If transfers are described as non-bufferable then the bridge must wait for the write response to indicate that the transfer has been completed to memory. If numerous bufferable writes are performed, followed by a non-bufferable write, then the bridge must wait until it receives the write response associated with the final write.

Read after write hazard detection buffer

A RAW hazard detection buffer avoids potential RAW hazards. The protocol used internally to AHB MC does not perform memory coherency checks to catch Write After Read (WAR) or RAW hazards.

Because of the nature of the AHB protocol, WAR hazards never occur because the read must have completed before the write can be accepted.

Because the bridge permits writes to be buffered internally, there is a potential for a RAW hazard to occur. If you perform a bufferable write then it might not complete immediately. If a read to that same memory location is performed then both transfers can be in the queue and the internal memory controllers can reorder these transactions for performance reasons so that the read occurs before the write. This means that the data read can be the value before the most recent write. The bridge has to detect these potential cases and stall the read transfer until any buffered writes that might cause a RAW hazard have been completed.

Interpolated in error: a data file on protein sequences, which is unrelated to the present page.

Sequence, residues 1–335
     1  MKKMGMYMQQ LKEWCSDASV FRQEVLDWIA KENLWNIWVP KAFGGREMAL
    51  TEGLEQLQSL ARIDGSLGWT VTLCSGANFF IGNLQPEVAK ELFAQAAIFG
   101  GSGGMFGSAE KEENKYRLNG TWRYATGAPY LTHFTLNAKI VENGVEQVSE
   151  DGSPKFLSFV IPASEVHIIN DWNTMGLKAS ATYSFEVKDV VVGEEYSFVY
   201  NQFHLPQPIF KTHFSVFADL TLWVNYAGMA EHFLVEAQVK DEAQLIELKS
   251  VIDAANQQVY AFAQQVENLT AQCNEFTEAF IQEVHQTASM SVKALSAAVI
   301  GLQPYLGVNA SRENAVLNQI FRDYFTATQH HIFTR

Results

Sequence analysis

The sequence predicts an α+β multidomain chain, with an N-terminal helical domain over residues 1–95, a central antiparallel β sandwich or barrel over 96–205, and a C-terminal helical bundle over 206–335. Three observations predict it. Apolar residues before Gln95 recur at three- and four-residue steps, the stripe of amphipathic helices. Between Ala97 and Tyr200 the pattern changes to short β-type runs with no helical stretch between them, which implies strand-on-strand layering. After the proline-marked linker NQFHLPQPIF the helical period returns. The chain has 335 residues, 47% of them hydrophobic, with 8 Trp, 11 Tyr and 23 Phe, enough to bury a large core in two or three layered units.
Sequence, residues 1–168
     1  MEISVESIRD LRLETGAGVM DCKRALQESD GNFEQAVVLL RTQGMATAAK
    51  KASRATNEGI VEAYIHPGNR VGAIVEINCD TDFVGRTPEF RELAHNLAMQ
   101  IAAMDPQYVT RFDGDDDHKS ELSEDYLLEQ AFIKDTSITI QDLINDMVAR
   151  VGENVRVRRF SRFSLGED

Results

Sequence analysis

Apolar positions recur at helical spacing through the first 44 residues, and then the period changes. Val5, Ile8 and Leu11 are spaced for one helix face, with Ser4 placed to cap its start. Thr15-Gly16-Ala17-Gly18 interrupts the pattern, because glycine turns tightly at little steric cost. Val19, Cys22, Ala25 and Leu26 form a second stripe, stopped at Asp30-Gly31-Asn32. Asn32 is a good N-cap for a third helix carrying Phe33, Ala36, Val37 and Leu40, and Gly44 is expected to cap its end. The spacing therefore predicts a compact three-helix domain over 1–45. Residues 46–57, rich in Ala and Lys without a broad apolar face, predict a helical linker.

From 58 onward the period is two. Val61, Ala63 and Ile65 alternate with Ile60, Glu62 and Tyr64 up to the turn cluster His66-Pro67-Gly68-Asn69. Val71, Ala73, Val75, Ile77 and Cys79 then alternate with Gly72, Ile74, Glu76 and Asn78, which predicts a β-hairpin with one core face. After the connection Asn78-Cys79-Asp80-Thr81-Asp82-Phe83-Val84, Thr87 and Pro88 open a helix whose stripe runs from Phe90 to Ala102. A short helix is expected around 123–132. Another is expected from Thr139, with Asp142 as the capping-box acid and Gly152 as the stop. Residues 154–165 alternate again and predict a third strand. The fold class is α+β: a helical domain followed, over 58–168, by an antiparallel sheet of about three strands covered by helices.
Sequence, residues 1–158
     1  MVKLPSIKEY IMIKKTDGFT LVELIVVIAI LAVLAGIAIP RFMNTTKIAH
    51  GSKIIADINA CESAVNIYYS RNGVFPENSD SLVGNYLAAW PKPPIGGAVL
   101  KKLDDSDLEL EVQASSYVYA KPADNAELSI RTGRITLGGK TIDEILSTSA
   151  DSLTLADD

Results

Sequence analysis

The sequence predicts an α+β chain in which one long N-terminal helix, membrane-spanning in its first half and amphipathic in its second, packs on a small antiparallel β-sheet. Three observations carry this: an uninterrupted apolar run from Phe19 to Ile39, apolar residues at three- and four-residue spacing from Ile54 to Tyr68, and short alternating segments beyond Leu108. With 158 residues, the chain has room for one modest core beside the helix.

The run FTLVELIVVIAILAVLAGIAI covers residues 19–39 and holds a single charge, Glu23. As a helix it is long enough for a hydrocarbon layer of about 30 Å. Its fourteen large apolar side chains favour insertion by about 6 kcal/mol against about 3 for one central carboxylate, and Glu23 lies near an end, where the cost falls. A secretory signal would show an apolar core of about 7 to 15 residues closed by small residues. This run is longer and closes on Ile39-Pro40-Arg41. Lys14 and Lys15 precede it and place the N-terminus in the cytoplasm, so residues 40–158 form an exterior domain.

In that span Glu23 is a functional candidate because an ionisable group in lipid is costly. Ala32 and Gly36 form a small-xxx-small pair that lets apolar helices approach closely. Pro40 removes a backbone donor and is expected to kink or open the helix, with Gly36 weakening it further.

The bridge contains logic to monitor up to four outstanding write addresses. If an incoming read occurs to a 4KB region that has been written to, then it is stalled. If four bufferable writes occur then the AHB is stalled until a response is seen for the first of the four writes in the buffer.

AHB response signals

The interconnect used within the AHB MC contains many combinatorial paths that link different AHB input ports. To improve the synthesis timing, the AHB responses are registered to limit these paths to within the design.

Locked transfers

AHB MC supports locked transfer, within a 512MB region. This is because of the way the interconnect processes locked transfers. There is a significant performance penalty in using locked transfers. Transfers that are locked together wait for all other ports to complete any outstanding transfers to that region before they can begin. While a locked sequence occurs to a specific 512MB memory region, all other access to that region is stalled. All locked writes are processed as non-bufferable writes and so have to wait for the appropriate write response before indicating their completion.

You can lock the DMC and SMC channels independently. Therefore you can have:

  • DMC locked accesses, SMC unlocked accesses

  • DMC unlocked accesses, SMC locked accesses

  • DMC and SMC locked accesses.

Registered HWDATA

The interconnect used within the AHB MC contains combinatorial paths for the write data. To improve the synthesis timing, HWDATA is registered and makes these paths internal to the design.

Big-endian 32-bit mode

The AHB MC supports the option of storing data to memory in big-endian 32-bit mode. Each bridge contains the logic to implement this data mapping depending on the big_endian input tie-off. Figure 2.10 shows that if the tie off is asserted then the data buses are reordered.

Figure 2.10. Big-endian implementation

Removal of AHB error response logic

The internal protocol used within AHB MC supports the concept of errors. However none of the components used ever generate errors. This means that the bridge does not require any logic to generate AHB errors because there are no circumstances under which errors can be generated.